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We HIGHLY recommend the Munson team. Vivian and Mark were very helpful, responsive and overall thoughtful during our home buying and selling experience. They are well connected to all types of contracting professionals that are needed for any type of inspection or repair/ improvement and this makes the process overall easier. With our purchase, we came across an issue during inspection and they negotiated it in my favor and actually saved me thousands of dollars during the process. This is a first class real estate team that is very knowledgeable and helpful. They have been in the business for 20+ years and are very in tune with the market and networked within the community. Whether buying or selling, they have our highest endorsement and will continue to have our business when selling and buying our next property. We have already recommended them to family!

Compass is a licensed real estate broker under the name “Compass South Carolina, LLC" in South Carolina and under the name “Compass” in North Carolina and abides by Equal Housing Opportunity laws. All material presented herein intended for informational purposes only. Information is compiled from sources deemed reliable but is subject to errors, omissions, changes in price, condition, sale, or withdrawal without notice. No statement is made as to accuracy of any description. All measurements and square footages are approximate. This is not intended to solicit property already listed. Nothing herein shall be construed as legal, accounting or other professional advice outside the realm of real estate brokerage.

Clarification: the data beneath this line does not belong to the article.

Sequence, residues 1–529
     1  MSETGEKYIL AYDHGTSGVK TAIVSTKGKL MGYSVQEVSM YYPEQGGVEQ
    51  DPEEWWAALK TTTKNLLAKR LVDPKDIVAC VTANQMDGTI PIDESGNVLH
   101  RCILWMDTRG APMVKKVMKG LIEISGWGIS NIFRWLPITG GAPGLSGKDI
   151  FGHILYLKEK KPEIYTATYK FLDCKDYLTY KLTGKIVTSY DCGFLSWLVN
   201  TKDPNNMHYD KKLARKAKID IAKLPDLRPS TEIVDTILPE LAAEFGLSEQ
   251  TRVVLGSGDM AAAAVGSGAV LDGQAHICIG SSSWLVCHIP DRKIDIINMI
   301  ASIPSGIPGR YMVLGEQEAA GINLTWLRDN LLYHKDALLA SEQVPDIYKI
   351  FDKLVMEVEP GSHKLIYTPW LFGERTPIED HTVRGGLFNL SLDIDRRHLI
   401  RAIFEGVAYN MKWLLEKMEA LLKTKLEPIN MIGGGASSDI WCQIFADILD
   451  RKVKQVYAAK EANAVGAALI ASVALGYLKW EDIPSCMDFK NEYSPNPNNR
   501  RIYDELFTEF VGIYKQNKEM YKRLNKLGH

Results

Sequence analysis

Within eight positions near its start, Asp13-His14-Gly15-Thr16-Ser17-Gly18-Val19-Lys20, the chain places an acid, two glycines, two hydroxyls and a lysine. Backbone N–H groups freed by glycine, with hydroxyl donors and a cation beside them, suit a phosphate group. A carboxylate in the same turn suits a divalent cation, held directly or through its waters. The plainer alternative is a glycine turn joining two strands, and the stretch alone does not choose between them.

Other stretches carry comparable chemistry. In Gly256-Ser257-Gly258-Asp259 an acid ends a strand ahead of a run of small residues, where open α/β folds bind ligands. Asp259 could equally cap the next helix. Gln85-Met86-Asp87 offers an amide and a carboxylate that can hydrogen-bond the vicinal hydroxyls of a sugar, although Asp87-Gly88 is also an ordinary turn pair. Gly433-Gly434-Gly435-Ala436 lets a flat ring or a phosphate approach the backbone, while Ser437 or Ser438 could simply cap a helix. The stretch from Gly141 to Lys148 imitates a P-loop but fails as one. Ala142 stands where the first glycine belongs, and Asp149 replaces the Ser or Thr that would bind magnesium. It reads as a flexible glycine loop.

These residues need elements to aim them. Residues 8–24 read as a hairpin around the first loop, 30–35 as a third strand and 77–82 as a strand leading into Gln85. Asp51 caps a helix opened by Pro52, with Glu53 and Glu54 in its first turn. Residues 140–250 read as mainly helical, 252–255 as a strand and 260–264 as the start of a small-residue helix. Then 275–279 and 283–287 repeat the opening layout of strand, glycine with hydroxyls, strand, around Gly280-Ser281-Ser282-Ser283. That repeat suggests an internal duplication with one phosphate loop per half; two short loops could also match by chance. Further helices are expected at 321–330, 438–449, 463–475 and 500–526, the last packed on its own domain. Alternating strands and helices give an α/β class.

We are a client-focused team experienced in luxury real estate. We offer staging and design services, cosmetic renovations with zero upfront cost, and have a Private Exclusive network of 28,000+ agents across the country. Looking to buy or sell? We would be honored to represent you. Compass is a licensed real estate broker under the name “Compass South Carolina, LLC" in South Carolina and under the name “Compass” in North Carolina and abides by Equal Housing Opportunity laws. All material presented herein intended for informational purposes only. Information is compiled from sources deemed reliable but is subject to errors, omissions, changes in price, condition, sale, or withdrawal without notice. No statement is made as to accuracy of any description. All measurements and square footages are approximate. This is not intended to solicit property already listed. Nothing herein shall be construed as legal, accounting or other professional advice outside the realm of real estate brokerage. Meghan Hampton meghan.hampton@compass.com Cat Long cat.long@compass.com 4148 CHELMSFORD ROAD | $3,295,000 2025 HASTINGS DRIVE | $4,600,000